WASHINGTON (Reuters) - A U.S. Republican congressman urged the Trump administration to review millions in coronavirus stimulus loans paid to U.S. companies with ties to China's aviation and defense industries, amid deepening tensions between Beijing and Washington.
The letter by Jim Banks is addressed to Small Business Administrator Jovita Carranza and Treasury Secretary Steven Mnuchin, tasked with overseeing the Paycheck Protection Program.
That program, which loans money to firms to encourage them to retain employees during the coronavirus-related shutdown, has drawn fire for technical glitches, a lack of transparency and for doling out funds to large companies with ample access to credit.
Banks called for the probe, citing loans to companies whose Chinese parents, including aircraft manufacturer Aviation Industry Corporation of China (AVIC) [SASADY.UL] and weapons maker China Aerospace Science and Industry Corporation (CASIC), were recently designated as owned or controlled by the Chinese military by the U.S. Defense Department.
"China's activity in ... defense and aerospace, presents a direct and present threat to America's national security. These companies' entire mission is to make America less secure," Banks wrote in the letter dated Wednesday. "A review of the ... loans to firms affiliated with the PLA is warranted."
The companies include Continental Aerospace Technologies Inc, which is owned by AVIC and received $5 million to 10 million from the program. It also includes Honghua America LLC, the U.S.- based subsidiary of Chinese drill rig manufacturer Honghua Group, which is in turn owned by CASIC. Honghua received up to $1 million, according to SBA data.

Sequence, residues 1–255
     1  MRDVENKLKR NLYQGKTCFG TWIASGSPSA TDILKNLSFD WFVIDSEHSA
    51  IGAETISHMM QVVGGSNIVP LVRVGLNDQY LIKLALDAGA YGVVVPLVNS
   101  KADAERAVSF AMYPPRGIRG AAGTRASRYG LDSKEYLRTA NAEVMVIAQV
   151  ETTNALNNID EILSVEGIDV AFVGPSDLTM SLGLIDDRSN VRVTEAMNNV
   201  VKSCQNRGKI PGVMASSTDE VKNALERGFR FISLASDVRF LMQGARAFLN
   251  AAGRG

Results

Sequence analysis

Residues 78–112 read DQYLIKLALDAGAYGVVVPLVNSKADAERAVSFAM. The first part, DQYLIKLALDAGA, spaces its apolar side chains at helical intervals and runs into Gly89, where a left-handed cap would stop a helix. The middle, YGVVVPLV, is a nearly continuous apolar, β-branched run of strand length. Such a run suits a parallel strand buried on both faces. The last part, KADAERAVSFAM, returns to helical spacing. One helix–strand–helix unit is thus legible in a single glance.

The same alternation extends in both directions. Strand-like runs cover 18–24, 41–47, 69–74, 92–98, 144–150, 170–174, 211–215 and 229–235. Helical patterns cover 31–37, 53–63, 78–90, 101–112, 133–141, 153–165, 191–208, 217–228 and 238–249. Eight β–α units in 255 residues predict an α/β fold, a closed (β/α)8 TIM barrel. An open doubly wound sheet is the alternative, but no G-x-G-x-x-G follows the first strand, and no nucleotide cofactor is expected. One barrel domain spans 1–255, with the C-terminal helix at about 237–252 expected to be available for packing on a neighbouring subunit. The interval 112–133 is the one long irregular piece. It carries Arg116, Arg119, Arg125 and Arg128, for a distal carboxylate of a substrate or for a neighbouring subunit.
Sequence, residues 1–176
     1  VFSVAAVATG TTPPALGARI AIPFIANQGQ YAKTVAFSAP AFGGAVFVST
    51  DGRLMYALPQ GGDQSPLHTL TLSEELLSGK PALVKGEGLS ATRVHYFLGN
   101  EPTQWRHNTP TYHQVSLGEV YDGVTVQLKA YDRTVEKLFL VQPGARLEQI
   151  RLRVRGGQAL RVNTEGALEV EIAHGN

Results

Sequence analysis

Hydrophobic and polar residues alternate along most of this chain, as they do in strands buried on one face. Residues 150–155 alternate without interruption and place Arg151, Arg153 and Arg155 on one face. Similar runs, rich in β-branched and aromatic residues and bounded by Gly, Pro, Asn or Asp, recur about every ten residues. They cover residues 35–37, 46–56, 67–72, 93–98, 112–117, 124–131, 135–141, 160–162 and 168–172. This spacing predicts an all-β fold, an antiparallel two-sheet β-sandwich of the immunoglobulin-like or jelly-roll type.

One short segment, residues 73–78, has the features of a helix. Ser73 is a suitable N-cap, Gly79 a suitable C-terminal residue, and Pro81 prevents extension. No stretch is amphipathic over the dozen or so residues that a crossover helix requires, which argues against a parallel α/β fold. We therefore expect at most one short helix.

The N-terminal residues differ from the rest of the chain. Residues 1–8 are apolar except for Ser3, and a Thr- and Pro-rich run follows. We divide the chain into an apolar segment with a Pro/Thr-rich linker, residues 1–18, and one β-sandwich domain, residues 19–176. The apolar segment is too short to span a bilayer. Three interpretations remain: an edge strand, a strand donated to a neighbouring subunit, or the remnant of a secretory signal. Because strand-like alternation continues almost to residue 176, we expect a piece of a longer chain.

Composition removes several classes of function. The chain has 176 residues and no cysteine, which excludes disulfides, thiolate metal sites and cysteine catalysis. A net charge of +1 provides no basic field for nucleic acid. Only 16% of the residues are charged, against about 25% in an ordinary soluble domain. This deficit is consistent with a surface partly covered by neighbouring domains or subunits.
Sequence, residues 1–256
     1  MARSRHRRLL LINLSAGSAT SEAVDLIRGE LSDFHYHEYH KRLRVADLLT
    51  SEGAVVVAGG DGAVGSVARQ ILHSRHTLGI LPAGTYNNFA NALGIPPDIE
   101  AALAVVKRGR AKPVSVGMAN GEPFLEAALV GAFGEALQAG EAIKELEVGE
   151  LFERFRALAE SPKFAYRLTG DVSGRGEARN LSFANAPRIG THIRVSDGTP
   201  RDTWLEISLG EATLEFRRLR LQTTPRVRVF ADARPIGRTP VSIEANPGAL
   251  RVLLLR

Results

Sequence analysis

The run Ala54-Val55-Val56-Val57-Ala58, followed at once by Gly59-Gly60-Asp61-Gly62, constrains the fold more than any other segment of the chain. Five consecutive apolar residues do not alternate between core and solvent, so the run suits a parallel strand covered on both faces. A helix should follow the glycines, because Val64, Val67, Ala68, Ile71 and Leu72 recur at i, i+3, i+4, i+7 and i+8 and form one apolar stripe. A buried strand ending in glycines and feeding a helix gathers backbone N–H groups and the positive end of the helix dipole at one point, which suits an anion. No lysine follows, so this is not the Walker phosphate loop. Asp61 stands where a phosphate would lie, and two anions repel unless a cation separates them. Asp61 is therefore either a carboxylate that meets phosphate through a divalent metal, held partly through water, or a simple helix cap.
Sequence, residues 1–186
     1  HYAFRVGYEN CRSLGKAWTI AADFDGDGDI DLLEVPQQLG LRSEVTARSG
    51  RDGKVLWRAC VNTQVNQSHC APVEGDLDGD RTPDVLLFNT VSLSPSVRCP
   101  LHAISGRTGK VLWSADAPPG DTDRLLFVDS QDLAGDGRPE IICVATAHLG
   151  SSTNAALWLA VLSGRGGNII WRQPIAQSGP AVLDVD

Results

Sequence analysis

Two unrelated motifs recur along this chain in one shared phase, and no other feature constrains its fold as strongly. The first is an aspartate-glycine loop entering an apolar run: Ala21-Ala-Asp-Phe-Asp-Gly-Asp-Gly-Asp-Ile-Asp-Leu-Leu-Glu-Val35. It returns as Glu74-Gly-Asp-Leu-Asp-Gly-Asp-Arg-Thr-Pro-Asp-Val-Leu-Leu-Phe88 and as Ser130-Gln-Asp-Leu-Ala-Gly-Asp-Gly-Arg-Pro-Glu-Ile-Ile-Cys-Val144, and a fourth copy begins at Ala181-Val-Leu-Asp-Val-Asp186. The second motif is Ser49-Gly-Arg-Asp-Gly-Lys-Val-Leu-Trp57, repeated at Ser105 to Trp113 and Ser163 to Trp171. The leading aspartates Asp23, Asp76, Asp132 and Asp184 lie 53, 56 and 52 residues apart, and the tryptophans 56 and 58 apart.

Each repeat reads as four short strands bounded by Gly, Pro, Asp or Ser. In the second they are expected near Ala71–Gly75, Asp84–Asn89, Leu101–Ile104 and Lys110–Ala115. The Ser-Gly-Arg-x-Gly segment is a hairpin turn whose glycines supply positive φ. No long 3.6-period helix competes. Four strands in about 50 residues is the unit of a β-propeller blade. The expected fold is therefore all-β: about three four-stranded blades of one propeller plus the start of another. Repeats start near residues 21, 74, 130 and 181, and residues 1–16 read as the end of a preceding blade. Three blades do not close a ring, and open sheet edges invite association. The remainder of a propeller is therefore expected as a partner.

Continental and Honghua did not immediately respond to requests for comment and the SBA declined to comment. A Treasury Department representative confirmed receipt of the letter but declined to comment further.
Banks also cites a report suggesting that over 125 Chinese companies obtained up to $419 million through the lending program.
"It's unacceptable for the Chinese Communist Party to receive taxpayer funds intended to relieve American businesses from a crisis that the CCP significantly worsened," he added.
(Reporting by Alexandra Alper in Washington; Additional reporting by Brad Heath in Washington; Editing by Matthew Lewis)